Employee well-being is key, and we have introduced measures that we believe will help protect and reassure them and their families. Like many companies we have suspended all unnecessary travel and meetings. We talk about living in the digital age so let’s use the technology available to accomplish what we need to effectively run our business in the near term. We have asked most of our employees to work from home to limit the potential spread on our campuses.
As part of this, and conscious of the important role we play, we have thought carefully about which are the critical roles that need only be undertaken onsite, such as lab personnel and production line, who are needed to continue to supply much needed medicines. For these employees, we have provided everyone with the option not to work onsite, as we recognise that people’s health and wellbeing must come first. For those who are onsite, we have implemented extra measures to protect them and limit any potential spread of the virus. This is an entirely personal choice, but so far, the overwhelming response is to help and to get involved, as many realise that they and we, as an organization, can make a huge contribution to the efforts.
We have robust business continuity plans in place across our global supply chain network to prepare for unforeseen events and to meet the needs of the patients, customers and consumers who depend on our products. These steps include maintaining critical inventory at major distribution centres away from high-risk areas and working with external suppliers to support our preparedness plans. We are closely monitoring product demand and supply levels across our global network to ensure adequate and effective distribution, and are working diligently to try to meet patient, customer and consumer need.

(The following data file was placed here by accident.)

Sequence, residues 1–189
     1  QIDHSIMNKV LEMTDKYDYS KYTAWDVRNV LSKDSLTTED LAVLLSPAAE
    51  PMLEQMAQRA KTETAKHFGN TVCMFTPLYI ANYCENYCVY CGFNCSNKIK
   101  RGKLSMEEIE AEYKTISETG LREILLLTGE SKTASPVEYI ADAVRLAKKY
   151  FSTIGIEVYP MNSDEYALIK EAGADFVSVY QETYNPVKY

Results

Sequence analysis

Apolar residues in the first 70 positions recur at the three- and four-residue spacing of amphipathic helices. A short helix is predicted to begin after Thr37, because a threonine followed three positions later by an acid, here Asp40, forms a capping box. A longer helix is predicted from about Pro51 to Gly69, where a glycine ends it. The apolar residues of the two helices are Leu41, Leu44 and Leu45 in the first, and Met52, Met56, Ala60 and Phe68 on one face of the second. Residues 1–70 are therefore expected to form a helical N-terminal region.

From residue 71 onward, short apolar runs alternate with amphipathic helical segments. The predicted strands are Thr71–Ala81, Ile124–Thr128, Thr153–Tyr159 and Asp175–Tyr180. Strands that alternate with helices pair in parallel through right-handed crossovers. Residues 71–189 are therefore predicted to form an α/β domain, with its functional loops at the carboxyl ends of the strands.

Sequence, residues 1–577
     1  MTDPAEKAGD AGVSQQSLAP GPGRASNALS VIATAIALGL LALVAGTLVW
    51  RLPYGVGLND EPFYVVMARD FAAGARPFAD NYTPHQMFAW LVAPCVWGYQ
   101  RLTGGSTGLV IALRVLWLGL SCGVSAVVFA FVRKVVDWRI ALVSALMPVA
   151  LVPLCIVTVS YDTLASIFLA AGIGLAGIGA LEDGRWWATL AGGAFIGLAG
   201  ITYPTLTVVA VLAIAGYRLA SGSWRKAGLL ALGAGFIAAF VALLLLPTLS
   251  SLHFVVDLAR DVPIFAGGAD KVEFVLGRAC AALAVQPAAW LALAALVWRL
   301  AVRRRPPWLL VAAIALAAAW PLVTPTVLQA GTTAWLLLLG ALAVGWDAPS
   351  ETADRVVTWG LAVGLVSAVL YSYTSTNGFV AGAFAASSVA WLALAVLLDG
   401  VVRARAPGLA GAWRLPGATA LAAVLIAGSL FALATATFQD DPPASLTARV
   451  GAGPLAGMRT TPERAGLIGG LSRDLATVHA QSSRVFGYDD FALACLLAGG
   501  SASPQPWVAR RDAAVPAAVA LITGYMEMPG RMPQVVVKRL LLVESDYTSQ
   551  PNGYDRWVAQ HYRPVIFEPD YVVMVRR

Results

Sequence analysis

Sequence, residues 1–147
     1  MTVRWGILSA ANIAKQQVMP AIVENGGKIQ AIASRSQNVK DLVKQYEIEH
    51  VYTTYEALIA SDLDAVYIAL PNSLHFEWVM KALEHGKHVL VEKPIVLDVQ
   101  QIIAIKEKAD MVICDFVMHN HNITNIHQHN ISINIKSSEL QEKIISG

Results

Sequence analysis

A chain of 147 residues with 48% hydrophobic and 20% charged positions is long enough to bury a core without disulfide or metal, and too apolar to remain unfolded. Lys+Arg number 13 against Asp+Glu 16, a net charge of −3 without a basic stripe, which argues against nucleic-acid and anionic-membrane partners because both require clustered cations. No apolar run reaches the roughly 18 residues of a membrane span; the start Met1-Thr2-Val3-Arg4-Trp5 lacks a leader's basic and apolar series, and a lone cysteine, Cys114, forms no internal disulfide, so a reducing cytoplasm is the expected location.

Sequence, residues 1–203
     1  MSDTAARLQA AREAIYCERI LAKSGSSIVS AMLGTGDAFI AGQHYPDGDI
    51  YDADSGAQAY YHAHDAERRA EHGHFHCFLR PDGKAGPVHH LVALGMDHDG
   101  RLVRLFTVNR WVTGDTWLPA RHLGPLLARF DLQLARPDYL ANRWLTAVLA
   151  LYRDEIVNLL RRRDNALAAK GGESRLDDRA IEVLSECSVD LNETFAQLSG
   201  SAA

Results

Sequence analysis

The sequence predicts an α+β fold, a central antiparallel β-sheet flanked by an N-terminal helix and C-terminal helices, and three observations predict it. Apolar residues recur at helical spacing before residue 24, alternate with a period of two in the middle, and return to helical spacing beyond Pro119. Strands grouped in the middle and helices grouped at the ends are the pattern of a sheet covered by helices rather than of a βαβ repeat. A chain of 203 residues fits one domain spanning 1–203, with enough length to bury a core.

Crucially, as a global leader in healthcare, we also have an important role to play in finding a possible solution to COVID-19. To that end we are actively collaborating with our healthcare colleagues, institutions, governments and communities to offer insight and support. We are mobilizing our best scientists to investigate diagnostics, new medicines and interventions for infection prevention, and we continue to look across our pipeline and portfolio to see which compounds may be effective against this pathogen. We have incredible people across all the whole healthcare spectrum, from doctors and nurse on the front line, through to those in medical supply chain, production and R&D who are continuing every day to go to their place of work, and who are working tirelessly to help those in need. To all critical workers in our Industry and others we owe a huge debt of gratitude.
At the minute we don’t know when normal life will continue. As leaders we need to plan for ongoing change, keep communicating and remain engaged with our teams and stakeholders to ensure we are all doing what we can to help address this health crisis and ultimate beat it.